" A fully populated LPDDR5-5600 mobile processor would enable a peak memory bandwidth of 89.6 GB/s, which is 75% above DDR4-3200 or 31% above LPDDR4X-4267. For graphics workloads, this would surely boost performance."

    The increase in performance could be immaterial or negative. A ryzen Mobile cpu in general performs better with 3200 ddr instead of lp 4200mhx ddr because the later has horrible latency. It's a shame the article doesn't mention the importance of latency. Just YouTube search for this, that's how I found out.
    Reply
  • cyrusfox - Tuesday, April 27, 2021 - link

    Is Xe as latency sensitive as Ryzen iGPU? I haven't seen that. Ryzen has always had some interesting memory dependencies that Intel doesn't seem to respond to as strongly. I am looking forward to reviews and launch of the 8 cores TGL. Also what iGPU is going to come with Alder? we looking at the same 96EU top end? Really want to see Intels plan on the GPU space on the consumer side, we all need the competition. Reply
  • Spunjji - Wednesday, April 28, 2021 - link

    I understand that Alder will have 96EU for the "U" class devices and 48EU for the "H" class devices. Reply
  • Santoval - Saturday, May 1, 2021 - link

    Alder Lake will have a variant of Xe iGPU which will probably also max at 96 EUs. I doubt Intel can add more EUs since the dies will be large enough already due to the extra cores. Reply
  • Spunjji - Wednesday, April 28, 2021 - link

    CPU or GPU performance? AFAIK the GPU on these chips benefits from the higher bandwidth of LPDDR while the CPU prefers the lower latency of DDR. They'd likely not lose much on the CPU side, but the GPU might get closer to the performance levels they were claiming before TL released.

    We don't know how the changes made to LPDDR5 would affect this picture, either.
    Reply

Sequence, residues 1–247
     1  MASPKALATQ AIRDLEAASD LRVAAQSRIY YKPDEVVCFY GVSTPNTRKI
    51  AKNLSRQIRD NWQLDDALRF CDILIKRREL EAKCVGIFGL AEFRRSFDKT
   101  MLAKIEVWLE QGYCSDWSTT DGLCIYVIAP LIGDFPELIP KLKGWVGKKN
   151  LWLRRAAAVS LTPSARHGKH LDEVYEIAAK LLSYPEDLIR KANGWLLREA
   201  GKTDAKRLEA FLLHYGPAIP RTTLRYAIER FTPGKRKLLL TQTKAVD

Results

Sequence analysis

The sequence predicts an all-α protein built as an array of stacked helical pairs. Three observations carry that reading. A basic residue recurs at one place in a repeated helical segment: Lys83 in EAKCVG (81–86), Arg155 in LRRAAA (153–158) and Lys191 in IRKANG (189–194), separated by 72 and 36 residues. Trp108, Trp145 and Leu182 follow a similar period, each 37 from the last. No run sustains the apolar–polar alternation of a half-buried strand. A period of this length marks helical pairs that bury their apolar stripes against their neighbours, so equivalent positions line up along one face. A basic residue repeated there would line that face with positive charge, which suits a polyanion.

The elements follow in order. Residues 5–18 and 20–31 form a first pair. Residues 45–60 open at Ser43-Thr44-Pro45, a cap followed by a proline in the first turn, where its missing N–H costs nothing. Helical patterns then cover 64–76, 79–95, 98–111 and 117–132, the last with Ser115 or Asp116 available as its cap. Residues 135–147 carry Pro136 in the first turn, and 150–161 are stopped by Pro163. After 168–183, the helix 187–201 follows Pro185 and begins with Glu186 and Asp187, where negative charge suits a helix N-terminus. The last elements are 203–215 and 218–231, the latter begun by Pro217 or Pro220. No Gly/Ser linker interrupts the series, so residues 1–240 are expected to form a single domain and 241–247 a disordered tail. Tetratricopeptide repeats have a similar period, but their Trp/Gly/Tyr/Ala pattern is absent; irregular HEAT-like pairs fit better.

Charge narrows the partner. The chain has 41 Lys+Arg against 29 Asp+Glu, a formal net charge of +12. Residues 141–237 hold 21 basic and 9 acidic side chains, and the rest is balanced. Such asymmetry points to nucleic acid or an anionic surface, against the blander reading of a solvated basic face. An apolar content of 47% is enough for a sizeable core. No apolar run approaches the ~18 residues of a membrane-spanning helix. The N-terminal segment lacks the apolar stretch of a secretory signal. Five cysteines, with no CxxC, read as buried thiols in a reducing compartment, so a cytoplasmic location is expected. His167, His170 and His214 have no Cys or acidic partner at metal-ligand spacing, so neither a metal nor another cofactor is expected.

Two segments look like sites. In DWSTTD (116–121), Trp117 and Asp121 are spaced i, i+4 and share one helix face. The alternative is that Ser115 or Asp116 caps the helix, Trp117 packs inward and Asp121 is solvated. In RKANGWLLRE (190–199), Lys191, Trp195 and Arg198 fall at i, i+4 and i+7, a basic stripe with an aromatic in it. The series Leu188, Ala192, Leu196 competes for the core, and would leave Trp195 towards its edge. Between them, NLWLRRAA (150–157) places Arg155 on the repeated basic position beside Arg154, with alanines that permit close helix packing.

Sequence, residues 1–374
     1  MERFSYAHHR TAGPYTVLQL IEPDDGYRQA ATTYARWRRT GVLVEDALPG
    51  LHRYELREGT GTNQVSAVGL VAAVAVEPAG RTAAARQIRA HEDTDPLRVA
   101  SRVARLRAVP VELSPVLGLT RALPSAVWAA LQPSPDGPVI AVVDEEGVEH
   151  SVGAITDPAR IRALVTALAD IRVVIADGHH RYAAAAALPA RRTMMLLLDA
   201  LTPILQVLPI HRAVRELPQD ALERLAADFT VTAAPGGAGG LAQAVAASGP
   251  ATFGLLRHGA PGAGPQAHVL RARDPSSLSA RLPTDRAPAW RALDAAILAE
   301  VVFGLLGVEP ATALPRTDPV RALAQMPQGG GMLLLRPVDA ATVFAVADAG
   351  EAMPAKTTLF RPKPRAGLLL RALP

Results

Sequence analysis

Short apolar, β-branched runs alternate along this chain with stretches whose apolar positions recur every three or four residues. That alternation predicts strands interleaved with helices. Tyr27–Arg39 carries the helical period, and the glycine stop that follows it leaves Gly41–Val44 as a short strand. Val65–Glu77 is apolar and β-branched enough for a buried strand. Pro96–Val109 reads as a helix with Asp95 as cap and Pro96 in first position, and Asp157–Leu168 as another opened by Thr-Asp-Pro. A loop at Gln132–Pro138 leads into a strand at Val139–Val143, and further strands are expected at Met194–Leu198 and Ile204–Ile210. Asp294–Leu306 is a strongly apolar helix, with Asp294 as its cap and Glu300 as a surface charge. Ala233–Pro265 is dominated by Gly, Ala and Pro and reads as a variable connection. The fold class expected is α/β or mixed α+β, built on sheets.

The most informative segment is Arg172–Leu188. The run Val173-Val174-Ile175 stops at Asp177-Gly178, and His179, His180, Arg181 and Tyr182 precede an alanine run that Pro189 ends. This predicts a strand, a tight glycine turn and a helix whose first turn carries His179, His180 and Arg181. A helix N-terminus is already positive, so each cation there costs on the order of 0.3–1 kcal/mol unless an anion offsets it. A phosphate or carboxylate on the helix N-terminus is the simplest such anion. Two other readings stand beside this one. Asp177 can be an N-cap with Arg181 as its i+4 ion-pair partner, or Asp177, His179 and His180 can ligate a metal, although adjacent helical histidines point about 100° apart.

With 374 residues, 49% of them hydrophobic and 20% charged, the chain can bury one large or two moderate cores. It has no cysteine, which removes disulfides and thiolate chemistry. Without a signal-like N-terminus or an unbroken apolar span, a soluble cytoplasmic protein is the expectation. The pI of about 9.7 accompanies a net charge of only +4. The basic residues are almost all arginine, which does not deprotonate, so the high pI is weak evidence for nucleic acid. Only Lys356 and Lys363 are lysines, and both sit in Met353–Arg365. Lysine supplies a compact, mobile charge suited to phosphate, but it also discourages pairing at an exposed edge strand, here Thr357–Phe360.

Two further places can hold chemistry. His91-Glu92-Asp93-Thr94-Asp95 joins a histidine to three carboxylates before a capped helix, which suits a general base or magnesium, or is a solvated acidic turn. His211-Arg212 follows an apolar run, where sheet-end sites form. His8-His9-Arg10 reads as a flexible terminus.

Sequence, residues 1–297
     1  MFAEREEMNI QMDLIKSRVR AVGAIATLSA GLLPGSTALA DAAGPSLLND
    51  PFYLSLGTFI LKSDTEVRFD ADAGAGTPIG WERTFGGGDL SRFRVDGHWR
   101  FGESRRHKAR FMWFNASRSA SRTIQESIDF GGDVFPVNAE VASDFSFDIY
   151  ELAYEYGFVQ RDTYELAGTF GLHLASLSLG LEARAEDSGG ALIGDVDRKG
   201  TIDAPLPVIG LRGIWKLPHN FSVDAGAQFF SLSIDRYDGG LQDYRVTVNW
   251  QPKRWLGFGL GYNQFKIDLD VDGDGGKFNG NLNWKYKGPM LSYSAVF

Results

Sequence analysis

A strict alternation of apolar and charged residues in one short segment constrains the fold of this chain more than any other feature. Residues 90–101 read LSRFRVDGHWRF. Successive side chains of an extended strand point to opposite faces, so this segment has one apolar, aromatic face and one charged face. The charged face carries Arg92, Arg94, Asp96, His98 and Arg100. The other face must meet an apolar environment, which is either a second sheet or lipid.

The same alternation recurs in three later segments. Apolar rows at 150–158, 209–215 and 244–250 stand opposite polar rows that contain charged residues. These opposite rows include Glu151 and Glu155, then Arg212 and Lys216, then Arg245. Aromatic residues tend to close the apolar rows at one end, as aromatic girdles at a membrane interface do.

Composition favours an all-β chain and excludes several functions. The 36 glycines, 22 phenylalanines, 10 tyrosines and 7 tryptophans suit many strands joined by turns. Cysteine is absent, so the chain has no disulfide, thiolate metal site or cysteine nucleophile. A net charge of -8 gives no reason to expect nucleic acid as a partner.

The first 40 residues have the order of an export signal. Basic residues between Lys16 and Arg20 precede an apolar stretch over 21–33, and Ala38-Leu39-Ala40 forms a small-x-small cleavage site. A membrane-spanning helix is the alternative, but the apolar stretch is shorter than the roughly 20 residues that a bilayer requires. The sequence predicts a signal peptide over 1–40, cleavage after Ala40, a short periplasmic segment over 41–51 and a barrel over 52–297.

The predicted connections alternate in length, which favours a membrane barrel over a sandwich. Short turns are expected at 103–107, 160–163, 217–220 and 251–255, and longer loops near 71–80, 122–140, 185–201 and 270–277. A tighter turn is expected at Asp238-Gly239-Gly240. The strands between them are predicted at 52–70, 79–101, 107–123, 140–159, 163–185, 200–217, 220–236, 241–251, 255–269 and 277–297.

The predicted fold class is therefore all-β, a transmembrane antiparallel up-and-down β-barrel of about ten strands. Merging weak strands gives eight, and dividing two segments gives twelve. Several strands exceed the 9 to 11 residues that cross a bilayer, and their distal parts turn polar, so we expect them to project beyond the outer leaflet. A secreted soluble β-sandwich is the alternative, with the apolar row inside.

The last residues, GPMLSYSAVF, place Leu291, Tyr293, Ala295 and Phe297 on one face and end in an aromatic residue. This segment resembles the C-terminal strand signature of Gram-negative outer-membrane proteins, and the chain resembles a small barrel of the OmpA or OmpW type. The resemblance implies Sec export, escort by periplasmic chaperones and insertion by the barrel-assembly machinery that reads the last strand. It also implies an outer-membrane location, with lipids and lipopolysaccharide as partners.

• Fulljack - Tuesday, April 27, 2021 - link

    that's cool and all but where is Tiger Lake-H with 8 cores?

    PS: no Intel, Tiger Lake-H35 doesn't count. you know full well it's just amped up version of Tiger Lake-U
    Reply
  • repoman27 - Tuesday, April 27, 2021 - link

    That was always going to be a Q2’21 launch. Typically the H press embargo date is in April, so either it will happen by the end of this week, or the launch will slide to May-June. The latter seems likely given Intel’s record with 10nm product launches. Reply
  • drothgery - Wednesday, April 28, 2021 - link

    FWIW, an article just popped up at Tom's strongly suggesting a May 11 launch. Reply
  • Yojimbo - Tuesday, April 27, 2021 - link

    Alder Lake is on 10 nm enhanced superfin, Tiger Lake is on 10 nm superfin. That's most likely the reason for the Tiger Lake refresh. Intel sees a market for what Tiger Lake can offer. That is, they expect these chips to be bought no matter if they are Tiger Lake or Alder Lake, but if they are Tiger Lake they don't have to upgrade the process to advanced superfin. So they make more money. It most likely doesn't have much to do with Alder Lake's performance or potential. Reply
  • defaultluser - Tuesday, April 27, 2021 - link

    And meanwhile, Intel would ;like you to look over here and forget that it' going to be another three months before you can buy Tiger Lake H Reply